A host of early movers in Southeast Asian venture debt are attempting to fill one of the last big gaps in the region’s start-up infrastructure. The outlook is promising, but adoption rates remain a concern
Sassoon Investment Corporation, the family office of the Sassoon family, and Indonesian bank CIMB Niaga have launched Genesis Alternative Ventures, a venture debt provider targeting start-ups in Southeast Asia.
InnoVen Capital, a venture debt firm active in India, China, and Southeast Asia, has raised $200 million from its primary shareholders Temasek Holdings and United Overseas Bank (UOB).
India’s NBFC sector has pulled through its recent liquidity issues, but questions remain about the weaknesses that led to the crisis. Investors remain confident but must learn from the experience
PE firms can obtain financing for leveraged buyouts in Asia on increasingly favorable terms, but this doesn’t necessarily point to institutionalization – or at least, not yet. For now, banks still lead the way
Venture debt providers are confident that the asset class is set for growth in Asia, though momentum is slow in most markets. Lenders must adapt their strategies to meet local needs if they are to be successful
US specialty retailer Brookstone, which was acquired in 2014 by Sailing Capital and Chinese retail conglomerate Sanpower Group, has filed for bankruptcy again and will close its 102 retail stores located in shopping malls.
Growth capital situations can provide a healthy source of deals for established mezzanine investors, but high barriers to entry will pose challenges for newcomers
Institutional investors are preparing for a downturn in Asia – and emphasizing the importance of disciplined deployment – as they see worrying “pro-cycle market behavior” in the private markets space globally.
In recent years Intermediate Capital Group has branched out beyond traditional mezzanine to embrace deal structures that have no sponsor. It sees ample opportunities in Asia’s developed markets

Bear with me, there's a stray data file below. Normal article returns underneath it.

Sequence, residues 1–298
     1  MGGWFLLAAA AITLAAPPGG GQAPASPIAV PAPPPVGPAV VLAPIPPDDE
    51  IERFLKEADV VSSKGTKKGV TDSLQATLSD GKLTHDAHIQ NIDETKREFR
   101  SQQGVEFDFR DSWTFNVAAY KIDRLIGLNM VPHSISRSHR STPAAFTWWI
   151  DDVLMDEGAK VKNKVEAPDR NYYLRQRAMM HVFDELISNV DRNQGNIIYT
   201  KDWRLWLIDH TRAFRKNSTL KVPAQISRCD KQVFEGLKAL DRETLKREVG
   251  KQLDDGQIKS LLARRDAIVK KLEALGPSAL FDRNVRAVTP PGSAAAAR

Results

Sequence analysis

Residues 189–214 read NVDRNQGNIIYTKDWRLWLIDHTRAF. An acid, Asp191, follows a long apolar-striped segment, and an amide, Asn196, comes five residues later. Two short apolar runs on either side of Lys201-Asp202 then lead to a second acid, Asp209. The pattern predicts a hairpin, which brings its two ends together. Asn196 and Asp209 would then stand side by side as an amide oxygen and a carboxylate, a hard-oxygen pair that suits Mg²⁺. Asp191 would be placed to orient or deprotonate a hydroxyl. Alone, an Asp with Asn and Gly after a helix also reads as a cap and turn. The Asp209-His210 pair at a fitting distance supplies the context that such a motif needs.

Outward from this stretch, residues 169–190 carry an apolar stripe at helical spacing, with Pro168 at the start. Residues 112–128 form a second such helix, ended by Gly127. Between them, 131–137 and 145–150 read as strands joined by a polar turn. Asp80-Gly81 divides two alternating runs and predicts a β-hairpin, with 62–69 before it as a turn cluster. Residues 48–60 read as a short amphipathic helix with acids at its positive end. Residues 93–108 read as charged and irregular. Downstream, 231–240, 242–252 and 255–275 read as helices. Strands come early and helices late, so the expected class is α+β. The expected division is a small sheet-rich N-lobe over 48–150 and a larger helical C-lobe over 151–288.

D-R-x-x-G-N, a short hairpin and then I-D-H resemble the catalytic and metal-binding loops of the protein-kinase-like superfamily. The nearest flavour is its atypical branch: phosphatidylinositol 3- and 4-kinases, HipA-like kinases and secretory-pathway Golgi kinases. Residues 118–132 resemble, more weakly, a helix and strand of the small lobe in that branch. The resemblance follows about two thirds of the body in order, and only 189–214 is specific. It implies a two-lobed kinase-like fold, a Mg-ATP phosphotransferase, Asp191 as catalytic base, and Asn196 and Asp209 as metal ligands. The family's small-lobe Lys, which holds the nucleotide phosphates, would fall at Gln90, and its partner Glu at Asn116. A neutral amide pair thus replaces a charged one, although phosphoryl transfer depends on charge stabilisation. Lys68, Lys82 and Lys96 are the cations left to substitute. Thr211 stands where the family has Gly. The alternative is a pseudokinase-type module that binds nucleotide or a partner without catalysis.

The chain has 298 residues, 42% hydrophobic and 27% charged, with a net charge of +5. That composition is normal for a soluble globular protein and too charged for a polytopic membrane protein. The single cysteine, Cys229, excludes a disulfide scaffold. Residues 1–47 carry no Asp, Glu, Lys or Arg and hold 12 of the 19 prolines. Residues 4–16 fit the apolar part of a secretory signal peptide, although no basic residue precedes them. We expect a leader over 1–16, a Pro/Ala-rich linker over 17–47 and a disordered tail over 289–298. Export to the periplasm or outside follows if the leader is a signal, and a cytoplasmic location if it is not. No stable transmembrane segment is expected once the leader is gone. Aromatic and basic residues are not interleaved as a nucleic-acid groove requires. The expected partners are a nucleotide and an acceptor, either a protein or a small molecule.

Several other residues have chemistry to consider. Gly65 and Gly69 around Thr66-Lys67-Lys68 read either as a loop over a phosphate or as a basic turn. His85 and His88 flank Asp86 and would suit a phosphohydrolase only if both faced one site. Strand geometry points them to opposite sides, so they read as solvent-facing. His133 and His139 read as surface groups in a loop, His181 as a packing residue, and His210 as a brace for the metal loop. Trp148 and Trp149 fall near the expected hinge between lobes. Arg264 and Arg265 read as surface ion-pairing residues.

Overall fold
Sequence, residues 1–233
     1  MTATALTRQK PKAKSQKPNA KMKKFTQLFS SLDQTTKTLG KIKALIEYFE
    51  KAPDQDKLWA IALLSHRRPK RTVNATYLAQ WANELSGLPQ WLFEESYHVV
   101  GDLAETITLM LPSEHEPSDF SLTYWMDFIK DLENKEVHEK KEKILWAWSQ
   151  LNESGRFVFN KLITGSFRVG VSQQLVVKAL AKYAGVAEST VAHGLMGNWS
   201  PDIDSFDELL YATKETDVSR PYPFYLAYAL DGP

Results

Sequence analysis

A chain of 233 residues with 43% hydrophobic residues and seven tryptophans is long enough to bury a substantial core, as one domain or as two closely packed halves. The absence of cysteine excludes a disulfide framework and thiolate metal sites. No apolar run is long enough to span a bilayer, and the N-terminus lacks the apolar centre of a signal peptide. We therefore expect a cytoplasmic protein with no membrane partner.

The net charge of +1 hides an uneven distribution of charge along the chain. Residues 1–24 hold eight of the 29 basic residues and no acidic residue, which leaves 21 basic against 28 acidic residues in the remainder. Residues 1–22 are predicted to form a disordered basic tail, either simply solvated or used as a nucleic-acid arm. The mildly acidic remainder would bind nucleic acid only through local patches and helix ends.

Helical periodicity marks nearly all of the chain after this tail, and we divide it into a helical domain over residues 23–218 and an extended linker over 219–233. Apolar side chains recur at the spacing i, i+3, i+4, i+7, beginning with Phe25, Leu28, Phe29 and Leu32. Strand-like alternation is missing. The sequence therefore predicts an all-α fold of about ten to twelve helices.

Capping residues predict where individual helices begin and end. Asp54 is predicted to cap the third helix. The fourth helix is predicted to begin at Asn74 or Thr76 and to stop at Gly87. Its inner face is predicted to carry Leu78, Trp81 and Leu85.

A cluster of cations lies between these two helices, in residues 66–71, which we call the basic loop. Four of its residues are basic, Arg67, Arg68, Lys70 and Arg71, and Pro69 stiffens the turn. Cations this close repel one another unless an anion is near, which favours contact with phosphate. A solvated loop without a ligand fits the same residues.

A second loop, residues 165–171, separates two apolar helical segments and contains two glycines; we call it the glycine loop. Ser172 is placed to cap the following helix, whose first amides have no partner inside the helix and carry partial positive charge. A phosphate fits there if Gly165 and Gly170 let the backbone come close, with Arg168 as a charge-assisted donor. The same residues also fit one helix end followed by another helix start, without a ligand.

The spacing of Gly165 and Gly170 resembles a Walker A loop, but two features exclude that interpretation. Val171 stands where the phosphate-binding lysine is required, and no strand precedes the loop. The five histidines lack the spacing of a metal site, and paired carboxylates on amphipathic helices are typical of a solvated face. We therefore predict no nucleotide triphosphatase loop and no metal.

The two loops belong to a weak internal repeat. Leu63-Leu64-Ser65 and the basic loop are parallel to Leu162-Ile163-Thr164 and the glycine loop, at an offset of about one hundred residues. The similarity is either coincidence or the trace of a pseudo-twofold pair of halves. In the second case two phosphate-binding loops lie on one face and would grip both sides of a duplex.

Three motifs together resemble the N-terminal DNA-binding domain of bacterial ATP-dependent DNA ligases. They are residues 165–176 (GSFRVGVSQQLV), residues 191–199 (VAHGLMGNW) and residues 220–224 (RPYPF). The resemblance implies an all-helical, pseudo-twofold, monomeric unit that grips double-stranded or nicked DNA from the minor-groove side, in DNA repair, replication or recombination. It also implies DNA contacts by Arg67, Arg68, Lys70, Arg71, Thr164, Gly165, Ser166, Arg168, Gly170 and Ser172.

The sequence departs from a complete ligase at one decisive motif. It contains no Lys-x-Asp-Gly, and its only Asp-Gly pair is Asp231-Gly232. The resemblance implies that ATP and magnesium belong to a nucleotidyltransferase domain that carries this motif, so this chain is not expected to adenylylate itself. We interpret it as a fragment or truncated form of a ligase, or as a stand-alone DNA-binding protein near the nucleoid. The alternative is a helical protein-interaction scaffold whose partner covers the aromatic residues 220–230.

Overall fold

Alteria Capital, an Indian venture debt firm established by InnoVen Capital co-founders Vinod Murali and Ajay Hattangdi, has reached a first close of INR3.6 billion ($54.6 million) for its debut fund.
Buyout firms are responding to higher valuations by doing more to ensure they can bring about transformation in portfolio companies. They are also being more careful in terms of sector selection and leverage
Global A&T Electronics, a Singapore-headquartered provider of assembly and test services for semiconductor chips that is controlled by Affinity Equity Partners and TPG Capital, has filed for bankruptcy in the US.
China Renaissance has added dedicated healthcare and mezzanine debt strategies to its existing growth-stage private equity offering as part of efforts to more than treble its assets under management (AUM) over the next three years.
North Asia-focused buyout player MBK Partners has hired Stephen Le, formerly of Deutsche Bank, to co-head a newly-launched fund that will make credit and special situations investments.
Yatra Online, an Indian travel services provider listed on NASDAQ, has raised INR1 billion ($15.4 million) in debt funding from InnoVen Capital.
Ajay Hattangdi (pictured) and Vinod Murali, co-founders of venture debt firm InnoVen Capital, have established their own India venture debt business and are looking to raise a $155 million fund, including a $30 million greenshoe option.
Chinese PE-backed smart phone maker Xiaomi has raised a new $1 billion loan to support global expansion and the build-out of its offline retail network.
KKR has selected Go Yamashita, a former managing director with The Blackstone Group, to head the KKR Capital Markets (KCM) team in Japan.
Indian IT services provider Mphasis has issued $500 million in bonds, the proceeds of which will be used to recapitalize its debt and make a dividend payment to majority owners The Blackstone Group and GIC Private.
Barry Lau, managing partner and CIO at Adamas Asset Management, discusses private debt opportunities in China
Pricoa Capital Group, a private debt investment group under PGIM, Prudential Financial’s global asset management business, has established a team in Sydney to target middle market opportunities in Australia and New Zealand.
India-based impact investment firm Aavishkaar-Intellecap Group has raised $25 million from Triodos Investment Management and the Shell Foundation.
South Korea’s Public Officials Benefit Association (POBA) has allocated $120 million to US mezzanine funds managed by Crescent Capital Group, Falcon Investment Advisors and GoldPoint Partners.